Saturday, January 2, 1999




By Ken Ige, Star-Bulletin

A surfer was dwarfed by huge waves at Waimea
Bay yesterday during the Quiksilver Eddie Aikau
surf meet. The contest is held only when waves
reach 25 feet or more.



North Shore
waves hit 25 feet,
but lifeguards
have few rescues

Beaches reopened today, with
lifeguards warning all except
experienced surfers to avoid the water

By Pat Omandam
and Crystal Kua
Star-Bulletin

Tapa

Take a huge winter swell, an infrequently held surf meet, the start of a three-day holiday weekend and hordes of people converging on North Shore beaches, and you'd expect the worst as a city lifeguard.

Fortunately, yesterday was not as bad as it could have been, said city Chief Water Safety Officer Jim Howe.

"I think, all in all, it really went very, very well," Howe said.

Howe said there were a few incidents of people who needed assistance in the water yesterday -- but nothing near what it could have been if people ignored the warnings of lifeguards to stay out of the surf.

Wave heights peaked at between 20 and 25 feet, but most were in the 15- to 20-foot-range, Water Safety Lt. Mark Cunningham said.

The Quiksilver Eddie Aikau surf meet, which is held when waves are 25 feet or larger, was on yesterday.

"The world's best are there and everyone else is staying out," Cunningham said.

Most North Shore beaches were closed yesterday when the high surf arrived. Most were open today, with surf ranging from 10 to 15 feet and occasional peaks reaching 18 feet, said Water Safety Capt. Edmund Pestana.

Lifeguards, though, were warning people to stay away from the water, except for experienced surfers.

"We are afraid the people who are not experienced, but are coming to look at the big surf, will all want to touch the water," he said. "That's how they get in trouble, and we just don't have enough lifeguards to help everybody."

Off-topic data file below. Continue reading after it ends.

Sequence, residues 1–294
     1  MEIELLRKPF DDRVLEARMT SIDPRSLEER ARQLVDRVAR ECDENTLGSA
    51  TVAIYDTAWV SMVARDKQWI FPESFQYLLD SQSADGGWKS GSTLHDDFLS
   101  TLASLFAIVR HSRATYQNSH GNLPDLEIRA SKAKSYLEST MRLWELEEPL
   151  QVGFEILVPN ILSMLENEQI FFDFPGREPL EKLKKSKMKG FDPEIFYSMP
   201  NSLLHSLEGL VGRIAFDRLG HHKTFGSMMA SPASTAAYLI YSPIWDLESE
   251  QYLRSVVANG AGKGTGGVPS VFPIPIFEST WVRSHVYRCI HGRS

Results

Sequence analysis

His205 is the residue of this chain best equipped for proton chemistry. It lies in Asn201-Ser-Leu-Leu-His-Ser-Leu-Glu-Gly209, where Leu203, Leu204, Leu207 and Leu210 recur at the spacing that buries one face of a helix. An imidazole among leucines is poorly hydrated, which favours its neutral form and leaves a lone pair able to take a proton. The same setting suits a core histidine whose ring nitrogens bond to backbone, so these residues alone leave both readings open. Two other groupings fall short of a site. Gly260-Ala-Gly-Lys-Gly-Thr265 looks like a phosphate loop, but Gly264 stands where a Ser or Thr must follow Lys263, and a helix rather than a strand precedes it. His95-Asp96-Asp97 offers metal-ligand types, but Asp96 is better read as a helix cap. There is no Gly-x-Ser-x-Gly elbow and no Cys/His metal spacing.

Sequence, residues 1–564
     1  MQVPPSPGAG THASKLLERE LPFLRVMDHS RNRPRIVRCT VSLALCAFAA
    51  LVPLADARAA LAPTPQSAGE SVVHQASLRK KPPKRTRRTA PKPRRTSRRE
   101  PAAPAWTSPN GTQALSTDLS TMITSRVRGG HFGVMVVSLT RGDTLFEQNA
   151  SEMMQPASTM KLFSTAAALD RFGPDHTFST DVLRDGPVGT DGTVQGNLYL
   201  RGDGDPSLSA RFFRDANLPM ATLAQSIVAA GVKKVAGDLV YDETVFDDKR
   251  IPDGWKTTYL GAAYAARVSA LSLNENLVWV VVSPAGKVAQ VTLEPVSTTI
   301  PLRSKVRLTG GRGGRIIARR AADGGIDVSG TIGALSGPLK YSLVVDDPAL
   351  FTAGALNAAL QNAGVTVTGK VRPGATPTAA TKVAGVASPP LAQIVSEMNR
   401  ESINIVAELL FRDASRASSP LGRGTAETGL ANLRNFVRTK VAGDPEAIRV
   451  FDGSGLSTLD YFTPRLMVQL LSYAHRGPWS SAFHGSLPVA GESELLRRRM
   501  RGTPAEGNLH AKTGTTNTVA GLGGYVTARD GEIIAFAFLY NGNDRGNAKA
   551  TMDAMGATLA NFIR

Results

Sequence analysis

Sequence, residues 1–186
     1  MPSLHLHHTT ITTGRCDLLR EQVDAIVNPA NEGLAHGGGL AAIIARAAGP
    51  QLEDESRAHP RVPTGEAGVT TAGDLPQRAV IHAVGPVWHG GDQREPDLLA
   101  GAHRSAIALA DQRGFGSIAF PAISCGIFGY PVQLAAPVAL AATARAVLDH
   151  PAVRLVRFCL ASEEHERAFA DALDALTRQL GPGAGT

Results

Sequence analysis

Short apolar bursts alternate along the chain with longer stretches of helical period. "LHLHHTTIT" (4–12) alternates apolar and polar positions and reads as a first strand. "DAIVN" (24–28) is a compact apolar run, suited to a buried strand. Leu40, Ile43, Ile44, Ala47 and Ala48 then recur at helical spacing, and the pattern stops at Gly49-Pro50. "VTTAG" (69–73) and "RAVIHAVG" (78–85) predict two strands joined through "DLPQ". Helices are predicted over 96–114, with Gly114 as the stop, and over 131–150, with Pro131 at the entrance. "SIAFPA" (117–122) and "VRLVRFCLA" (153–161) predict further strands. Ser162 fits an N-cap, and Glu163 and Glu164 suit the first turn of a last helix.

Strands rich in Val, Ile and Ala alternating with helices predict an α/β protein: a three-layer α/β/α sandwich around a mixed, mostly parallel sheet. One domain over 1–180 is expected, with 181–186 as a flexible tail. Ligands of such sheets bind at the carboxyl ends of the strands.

Shark's Cove and Three Tables near Waimea were especially dangerous, he said.

Cunningham said ambulances responded to two surfers who sustained minor injuries yesterday. One incident was believed to be connected to the Eddie Aikau surf meet, while the other occurred before the start of competition.

In the surf-meet incident, professional surfer Michael Ho was injured in the afternoon as he was returning to shore following his heat.

A wave spun his surfboard into his back, which knocked the wind out of him.

City lifeguards said he suffered a small bruise.

The surf peaked at high tide early yesterday, at 3:49 a.m., causing water to cross roads.

"It seems to have peaked out overnight," Howe said.

City lifeguards yesterday kept people off beaches where surf was washing up to the vegetation line, Cunningham said.

The huge crowd that gathered for the Eddie Aikau also created a "horrendous" traffic jam on Kamehameha Highway, forcing some motorists to park their cars and walk, Howe said.

At one point, he was told it took about an hour and a half to drive from Haleiwa to Waimea, a distance of about six miles.

Tapa

Star-Bulletin writer Suzanne Tswei
contributed to this report.



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